Subject: Human rights abuses emerge in East Timor vacuum: Amnesty

Agence France Presse May 30, 2001

Human rights abuses emerge in East Timor vacuum: Amnesty

LONDON, Human rights abuses emerged in East Timor last year amid delays in rebuilding the territory after the bloody destruction carried out by Indonesian forces, Amnesty International said Wednesday.

"A lack of resources, facilities and trained police and judicial officials contributed to the appearance of new human rights problems" in East Timor, the London-based rights body said in its annual report.

"In particular, the partial law and order vacuum led to the emergence of vigilante groups which were in some cases associated with political parties," Amnesty said.

"There were cases of unauthorised detentions, beatings and intimidation of individuals suspected of belonging to pro- Indonesia militias.

"Relatives of militia members were also harassed and intimidated and, in at least one case, tortured."

East Timor has been governed by the UN Transitional Administration in East Timor (UNTAET) since the East Timorese voted overwhelmingly in 1999 for independence from Indonesia, which invaded the former Portuguese colony in 1975.

After the ballot, pro-Indonesian militiamen went on a rampage of murder and destruction in which at least 2,000 people were killed, towns and infrastructure razed and more than 250,000 people, about a quarter of the population, forced across the border into Indonesian-ruled West Timor.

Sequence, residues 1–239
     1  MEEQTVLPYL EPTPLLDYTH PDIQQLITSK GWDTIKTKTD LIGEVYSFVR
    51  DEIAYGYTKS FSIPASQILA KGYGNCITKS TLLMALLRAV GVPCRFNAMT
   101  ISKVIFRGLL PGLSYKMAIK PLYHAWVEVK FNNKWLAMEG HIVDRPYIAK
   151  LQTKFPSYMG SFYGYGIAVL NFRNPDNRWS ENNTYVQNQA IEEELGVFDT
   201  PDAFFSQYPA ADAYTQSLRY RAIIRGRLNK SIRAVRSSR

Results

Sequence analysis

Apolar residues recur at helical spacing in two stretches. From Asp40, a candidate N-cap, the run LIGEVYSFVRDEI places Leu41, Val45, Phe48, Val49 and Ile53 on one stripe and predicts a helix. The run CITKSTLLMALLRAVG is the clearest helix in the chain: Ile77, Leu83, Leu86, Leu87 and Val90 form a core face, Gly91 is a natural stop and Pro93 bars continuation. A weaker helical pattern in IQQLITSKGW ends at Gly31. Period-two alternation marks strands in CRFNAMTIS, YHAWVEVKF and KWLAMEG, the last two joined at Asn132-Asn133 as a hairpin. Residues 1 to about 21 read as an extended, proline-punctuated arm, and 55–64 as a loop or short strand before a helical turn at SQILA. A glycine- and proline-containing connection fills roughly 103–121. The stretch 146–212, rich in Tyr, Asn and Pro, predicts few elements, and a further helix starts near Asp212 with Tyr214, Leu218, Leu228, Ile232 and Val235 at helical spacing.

About 174,000 refugees returned last year, with some 100,000 still in West Timor, Amnesty said.

"Returning refugees and members of minority groups such as Muslim or ethnic Chinese were at particular risk (of harassment)," it said.

"Human rights defenders who publicly criticized the activities of vigilante groups were threatened and harassed," it added.

UNTAET had introduced a legal and institutional framework for prosecuting serious crime. However, the lack of capacity in the judicial system gave rise to the risk of infringement of the right to a fair trial.

"In some cases detainees did not have access to public defenders for weeks after their arrest," the report said.

A Special Crime Unit had been established to investigate the hundreds of extrajudicial executions and massive human rights violations in 1999 by pro-Indonesian militia and the Indonesian security forces, Amnesty said.

"However, lack of support and resources contributed to the slow pace of investigations," and only five cases were investigated by the unit.

By the end of the year, no-one had been brought to justice for crimes committed during 1999.

"Some of those charged had been detained for over a year without trial, raising concerns about prolonged periods of pre-trial detention," Amnesty said.

"The legacy of the massive human rights violations and widespread destruction of infrastructure and property by the Indonesia security forces and pro- Indonesia's militia in September 1999 continued to impact heavily on East Timor," it added.

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